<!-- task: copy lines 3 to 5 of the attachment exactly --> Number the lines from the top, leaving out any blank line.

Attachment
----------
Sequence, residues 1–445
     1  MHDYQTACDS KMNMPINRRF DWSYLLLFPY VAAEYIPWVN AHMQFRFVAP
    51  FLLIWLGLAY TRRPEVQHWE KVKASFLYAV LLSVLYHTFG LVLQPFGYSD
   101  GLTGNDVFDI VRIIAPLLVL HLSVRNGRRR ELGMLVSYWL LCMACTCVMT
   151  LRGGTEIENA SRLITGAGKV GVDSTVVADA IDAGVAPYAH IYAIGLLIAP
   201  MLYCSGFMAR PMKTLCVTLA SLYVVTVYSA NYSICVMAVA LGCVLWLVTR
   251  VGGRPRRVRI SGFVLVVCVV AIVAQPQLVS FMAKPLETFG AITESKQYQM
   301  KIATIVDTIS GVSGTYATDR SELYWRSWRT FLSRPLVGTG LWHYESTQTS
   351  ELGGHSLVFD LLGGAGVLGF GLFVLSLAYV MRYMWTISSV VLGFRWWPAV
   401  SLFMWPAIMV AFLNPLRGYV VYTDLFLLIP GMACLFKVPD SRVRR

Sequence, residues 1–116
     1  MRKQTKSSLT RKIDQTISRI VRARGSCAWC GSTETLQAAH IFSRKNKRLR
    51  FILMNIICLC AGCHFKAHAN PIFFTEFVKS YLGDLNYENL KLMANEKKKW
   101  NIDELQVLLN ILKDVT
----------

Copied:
    51  FLLIWLGLAY TRRPEVQHWE KVKASFLYAV LLSVLYHTFG LVLQPFGYSD
   101  GLTGNDVFDI VRIIAPLLVL HLSVRNGRRR ELGMLVSYWL LCMACTCVMT
   151  LRGGTEIENA SRLITGAGKV GVDSTVVADA IDAGVAPYAH IYAIGLLIAP